Contrast-enhanced mammography (CEM) is a newer imaging technique that uses a contrast agent to enhance the visibility of breast tissue. While any medical procedure carries some risks, CEM is generally considered a safe procedure when performed by trained healthcare professionals. In this article, we will discuss the safety of CEM.
CEM uses a contrast agent that is injected into the patient's bloodstream before the mammogram is taken. The contrast agent helps to highlight areas of abnormal blood flow in the breast tissue, making it easier to detect cancerous growths. The contrast agent used in CEM is typically iodine-based and is similar to the contrast agent used in other medical imaging procedures, such as CT scans.
One of the main concerns with the use of contrast agents is the risk of an allergic reaction. While allergic reactions to the contrast agent are rare, they can occur. Symptoms of an allergic reaction can range from mild to severe and may include hives, swelling, difficulty breathing, and in rare cases, anaphylaxis. Patients who are allergic to iodine should inform their healthcare provider before undergoing CEM.
Another potential risk of CEM is the exposure to radiation. Like traditional mammography, CEM uses low-dose X-rays to create images of the breast tissue. The amount of radiation exposure from CEM is similar to that of a traditional mammogram and is considered safe for most patients. However, women who are pregnant or may be pregnant should inform their healthcare provider before undergoing CEM, as radiation exposure can be harmful to developing fetuses.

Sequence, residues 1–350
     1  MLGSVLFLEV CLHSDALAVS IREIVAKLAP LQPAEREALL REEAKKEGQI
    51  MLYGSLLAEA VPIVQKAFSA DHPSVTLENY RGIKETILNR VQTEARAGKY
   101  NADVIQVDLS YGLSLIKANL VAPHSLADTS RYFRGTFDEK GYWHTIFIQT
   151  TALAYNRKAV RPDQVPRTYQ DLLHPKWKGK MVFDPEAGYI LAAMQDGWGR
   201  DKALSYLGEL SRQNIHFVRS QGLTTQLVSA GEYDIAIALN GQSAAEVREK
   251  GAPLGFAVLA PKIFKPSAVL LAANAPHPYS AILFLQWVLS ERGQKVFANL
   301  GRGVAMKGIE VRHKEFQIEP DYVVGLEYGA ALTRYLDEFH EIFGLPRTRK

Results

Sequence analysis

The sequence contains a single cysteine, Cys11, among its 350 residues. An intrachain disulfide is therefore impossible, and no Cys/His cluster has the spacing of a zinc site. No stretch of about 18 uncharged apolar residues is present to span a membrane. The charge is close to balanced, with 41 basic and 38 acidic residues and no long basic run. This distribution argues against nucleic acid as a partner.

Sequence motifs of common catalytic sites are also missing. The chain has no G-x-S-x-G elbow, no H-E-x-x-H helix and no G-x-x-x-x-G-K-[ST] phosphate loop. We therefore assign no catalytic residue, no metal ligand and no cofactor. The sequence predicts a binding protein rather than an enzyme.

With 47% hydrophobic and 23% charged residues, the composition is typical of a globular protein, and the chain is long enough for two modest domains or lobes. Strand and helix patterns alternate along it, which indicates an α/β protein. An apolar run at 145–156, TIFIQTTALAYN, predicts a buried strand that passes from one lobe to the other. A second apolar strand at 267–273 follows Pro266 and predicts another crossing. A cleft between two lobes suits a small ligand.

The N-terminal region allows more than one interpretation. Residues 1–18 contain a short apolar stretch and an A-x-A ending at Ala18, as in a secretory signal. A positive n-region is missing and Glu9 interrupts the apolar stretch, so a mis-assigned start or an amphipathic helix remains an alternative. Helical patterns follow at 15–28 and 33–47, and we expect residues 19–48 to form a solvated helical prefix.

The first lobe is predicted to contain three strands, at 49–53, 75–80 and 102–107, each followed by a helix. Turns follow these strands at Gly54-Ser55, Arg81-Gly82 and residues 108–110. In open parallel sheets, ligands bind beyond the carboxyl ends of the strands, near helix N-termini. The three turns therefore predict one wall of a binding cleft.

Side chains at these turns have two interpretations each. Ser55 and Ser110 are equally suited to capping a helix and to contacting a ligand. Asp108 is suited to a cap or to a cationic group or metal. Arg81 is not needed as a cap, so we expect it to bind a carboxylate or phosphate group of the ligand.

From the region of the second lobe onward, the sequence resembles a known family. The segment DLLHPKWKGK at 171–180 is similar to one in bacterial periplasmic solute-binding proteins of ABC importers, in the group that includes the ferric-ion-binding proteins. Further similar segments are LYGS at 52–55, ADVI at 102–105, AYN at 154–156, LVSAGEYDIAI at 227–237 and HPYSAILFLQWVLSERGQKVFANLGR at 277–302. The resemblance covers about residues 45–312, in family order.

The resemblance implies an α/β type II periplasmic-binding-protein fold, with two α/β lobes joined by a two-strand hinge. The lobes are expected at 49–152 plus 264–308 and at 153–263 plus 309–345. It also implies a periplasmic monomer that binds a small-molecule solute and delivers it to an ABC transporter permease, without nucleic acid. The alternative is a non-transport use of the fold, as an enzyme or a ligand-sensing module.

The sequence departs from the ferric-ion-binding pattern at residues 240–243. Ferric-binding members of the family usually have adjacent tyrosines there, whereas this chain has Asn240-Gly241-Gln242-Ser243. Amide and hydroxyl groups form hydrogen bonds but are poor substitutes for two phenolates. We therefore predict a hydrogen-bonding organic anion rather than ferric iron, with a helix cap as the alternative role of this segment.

While CEM is generally considered safe, there are some potential risks and side effects associated with the procedure. Patients may experience mild discomfort at the injection site or from the compression of the breast tissue during the mammogram. Patients are advised to drink plenty of fluids after the procedure to help flush the contrast agent out of their system.
In conclusion, CEM is a safe procedure when performed by trained healthcare professionals. While there are potential risks and side effects associated with the procedure, they are generally mild and uncommon. Patients who are allergic to iodine or who may be pregnant should inform their healthcare provider before undergoing CEM. If you have concerns about the safety of CEM, speak to your healthcare provider, who can discuss the risks and benefits of the procedure with you.